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English v. Methodist Healthcare System

United States District Court, D. Nebraska

October 3, 2016

LAWAN J. ENGLISH, Plaintiff,
v.
METHODIST HEALTHCARE SYSTEM; DARREN KEISER, MD; SEAN BIGLER, PA; PHYSICIANS CLINIC; TIME WARNER CABLE CHARTER COMMUNICATIONS; ESIS AGL SOUTH CENTRAL HUB ESIS CENTRAL WC CLAIMS; KELLY HEMAM, ESIS Supervisor Claims Adjuster; and KIMBERLY STINE, ESIS Claims Adjuster, Defendants.

          MEMORANDUM AND ORDER

          RICHARD G. KOPF, SENIOR UNITED STATES DISTRICT JUDGE

         Plaintiff, Lawan English, filed this case on September 9, 2016. She has been granted leave to proceed in forma pauperis. The court now conducts an initial review of English's complaint to determine whether summary dismissal is appropriate under 28 U.S.C. § 1915(e)(2).

         I. SUMMARY OF COMPLAINT

         English claims that Defendants, Methodist Health Care System, Darren Keiser, MD, Sean Bigler, PA, Physicians Clinic, Time Warner Cable, ESIS, Kelly Henam, and Kimberly Stine, [1] “conspired to defraud the Plaintiff ... out of benefits & workers compensation settlement due to work injury on 5-7-2015.” (Complaint (Filing No. 1), p. 4) English's “statement of claim” (Complaint, p. 6) appears identical to the statement filed in Case No. 8:16CV426, except that the second and third pages are missing. The attached documents (Complaint pp. 8-79) also appear identical to the attachments filed in Case No. 8:16CV426, except that another two pages are missing. Other differences between the two cases are that the complaint in the instant action (1) names four additional defendants, (2) is missing form page 3 in which the plaintiff is required to explain the basis for jurisdiction, and (3) includes an insert (Complaint, p. 5) listing numerous of federal statutes which presumably form the basis of the action.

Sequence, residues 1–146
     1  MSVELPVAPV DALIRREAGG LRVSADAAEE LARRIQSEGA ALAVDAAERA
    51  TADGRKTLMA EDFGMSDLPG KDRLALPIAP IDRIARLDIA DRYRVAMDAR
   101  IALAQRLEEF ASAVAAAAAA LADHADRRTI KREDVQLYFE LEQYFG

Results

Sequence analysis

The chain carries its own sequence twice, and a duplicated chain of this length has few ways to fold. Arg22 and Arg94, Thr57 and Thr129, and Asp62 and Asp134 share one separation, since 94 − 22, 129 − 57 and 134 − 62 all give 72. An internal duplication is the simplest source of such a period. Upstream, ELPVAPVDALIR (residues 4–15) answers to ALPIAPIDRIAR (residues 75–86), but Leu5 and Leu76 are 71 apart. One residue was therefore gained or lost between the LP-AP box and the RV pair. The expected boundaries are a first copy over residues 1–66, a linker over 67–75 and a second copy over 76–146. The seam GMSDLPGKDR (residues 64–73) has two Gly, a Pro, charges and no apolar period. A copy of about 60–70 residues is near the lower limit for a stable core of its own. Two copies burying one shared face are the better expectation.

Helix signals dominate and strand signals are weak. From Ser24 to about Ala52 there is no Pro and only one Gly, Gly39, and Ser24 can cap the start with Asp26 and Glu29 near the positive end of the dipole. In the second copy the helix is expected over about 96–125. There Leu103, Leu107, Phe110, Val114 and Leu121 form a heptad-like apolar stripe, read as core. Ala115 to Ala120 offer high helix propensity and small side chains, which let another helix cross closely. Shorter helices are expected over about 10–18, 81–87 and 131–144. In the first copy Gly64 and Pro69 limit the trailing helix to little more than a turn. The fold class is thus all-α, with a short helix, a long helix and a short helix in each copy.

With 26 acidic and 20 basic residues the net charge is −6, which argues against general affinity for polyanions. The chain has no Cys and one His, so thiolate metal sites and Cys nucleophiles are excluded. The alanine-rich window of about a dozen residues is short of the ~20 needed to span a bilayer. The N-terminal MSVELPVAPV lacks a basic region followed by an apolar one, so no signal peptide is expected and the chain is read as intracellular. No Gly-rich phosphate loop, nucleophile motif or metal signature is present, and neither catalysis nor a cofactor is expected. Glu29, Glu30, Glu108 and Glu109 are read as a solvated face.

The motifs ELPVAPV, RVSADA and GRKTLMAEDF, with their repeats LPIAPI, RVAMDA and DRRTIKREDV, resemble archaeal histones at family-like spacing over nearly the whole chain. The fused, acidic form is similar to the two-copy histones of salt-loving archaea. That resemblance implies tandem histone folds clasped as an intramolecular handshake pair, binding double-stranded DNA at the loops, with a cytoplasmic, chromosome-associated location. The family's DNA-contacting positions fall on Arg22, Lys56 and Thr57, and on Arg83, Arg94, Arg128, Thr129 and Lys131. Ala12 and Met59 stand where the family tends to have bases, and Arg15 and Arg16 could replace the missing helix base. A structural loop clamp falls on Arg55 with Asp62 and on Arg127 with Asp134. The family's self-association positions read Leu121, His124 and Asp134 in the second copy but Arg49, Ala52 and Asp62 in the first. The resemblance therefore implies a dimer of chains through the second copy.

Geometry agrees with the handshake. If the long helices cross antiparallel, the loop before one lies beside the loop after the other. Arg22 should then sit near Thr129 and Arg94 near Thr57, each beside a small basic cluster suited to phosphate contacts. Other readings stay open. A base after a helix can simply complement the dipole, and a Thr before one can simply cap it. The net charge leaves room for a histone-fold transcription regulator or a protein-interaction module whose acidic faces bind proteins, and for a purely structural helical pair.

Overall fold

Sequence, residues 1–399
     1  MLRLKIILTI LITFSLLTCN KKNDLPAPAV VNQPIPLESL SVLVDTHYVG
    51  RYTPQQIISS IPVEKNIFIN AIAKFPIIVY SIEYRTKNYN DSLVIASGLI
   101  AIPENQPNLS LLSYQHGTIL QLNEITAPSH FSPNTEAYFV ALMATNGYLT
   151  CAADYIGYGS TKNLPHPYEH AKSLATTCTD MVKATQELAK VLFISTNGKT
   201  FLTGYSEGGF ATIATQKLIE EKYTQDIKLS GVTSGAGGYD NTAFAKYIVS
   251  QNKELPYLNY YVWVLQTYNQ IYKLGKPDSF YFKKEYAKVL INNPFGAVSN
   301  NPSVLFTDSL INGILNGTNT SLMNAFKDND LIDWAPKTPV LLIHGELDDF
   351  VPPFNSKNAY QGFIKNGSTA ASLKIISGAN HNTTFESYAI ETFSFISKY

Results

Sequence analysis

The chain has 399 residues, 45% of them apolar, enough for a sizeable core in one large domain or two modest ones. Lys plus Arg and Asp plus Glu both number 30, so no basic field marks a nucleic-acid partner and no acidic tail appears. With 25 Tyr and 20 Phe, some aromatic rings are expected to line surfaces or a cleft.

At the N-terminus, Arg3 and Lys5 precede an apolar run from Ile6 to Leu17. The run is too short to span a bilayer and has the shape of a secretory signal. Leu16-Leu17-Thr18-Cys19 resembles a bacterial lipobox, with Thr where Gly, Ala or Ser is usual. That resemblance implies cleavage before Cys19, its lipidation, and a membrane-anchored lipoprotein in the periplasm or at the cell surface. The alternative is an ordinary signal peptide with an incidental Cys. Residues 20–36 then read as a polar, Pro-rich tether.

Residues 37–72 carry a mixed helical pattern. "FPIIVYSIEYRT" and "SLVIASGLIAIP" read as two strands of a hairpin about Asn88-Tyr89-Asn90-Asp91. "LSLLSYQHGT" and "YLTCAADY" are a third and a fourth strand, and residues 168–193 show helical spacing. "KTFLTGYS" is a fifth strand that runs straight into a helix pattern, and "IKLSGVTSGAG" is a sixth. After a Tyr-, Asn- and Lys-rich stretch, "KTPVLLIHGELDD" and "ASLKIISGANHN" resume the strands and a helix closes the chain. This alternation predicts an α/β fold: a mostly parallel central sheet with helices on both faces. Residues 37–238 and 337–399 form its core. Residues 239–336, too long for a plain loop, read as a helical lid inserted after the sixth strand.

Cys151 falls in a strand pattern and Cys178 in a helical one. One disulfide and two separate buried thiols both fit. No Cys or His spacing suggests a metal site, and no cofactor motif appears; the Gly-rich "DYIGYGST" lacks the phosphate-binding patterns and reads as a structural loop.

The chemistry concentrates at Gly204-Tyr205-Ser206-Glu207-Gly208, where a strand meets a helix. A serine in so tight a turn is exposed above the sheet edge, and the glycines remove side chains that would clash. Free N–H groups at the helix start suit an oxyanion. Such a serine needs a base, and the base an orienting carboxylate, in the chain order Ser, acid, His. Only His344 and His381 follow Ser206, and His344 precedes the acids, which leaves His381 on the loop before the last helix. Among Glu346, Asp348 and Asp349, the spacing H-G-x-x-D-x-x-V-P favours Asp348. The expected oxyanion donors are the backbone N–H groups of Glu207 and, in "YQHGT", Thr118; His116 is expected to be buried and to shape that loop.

II. STANDARDS ON INITIAL REVIEW

         The court is required to review in forma pauperis complaints to determine whether summary dismissal is appropriate. See 28 U.S.C. § 1915(e). The court must dismiss a complaint or any portion of it that states a frivolous or malicious claim, that fails to state a claim upon which relief may be granted, or that seeks monetary relief from a defendant who is immune from such relief. 28 U.S.C. § 1915(e)(2)(B). The court also has an independent obligation to consider its subject matter jurisdiction where there is a reason to suspect that such jurisdiction is lacking. See Hart v. United States, 630 F.3d 1085, 1089 (8th Cir. 2011); Bacon v. Neer, 631 F.3d 875, 877 (8th Cir. 2011).

         Pro se plaintiffs must set forth enough factual allegations to “nudge[] their claims across the line from conceivable to plausible, ” or “their complaint must be dismissed.” Bell Atlantic Corp. v. Twombly, 550 U.S. 544, 569-70 (2007); see also Ashcroft v. Iqbal, 556 U.S. 662, 678 (2009) (“A claim has facial plausibility when the plaintiff pleads factual content that allows the court to draw the reasonable inference that the defendant is liable for the misconduct alleged.”).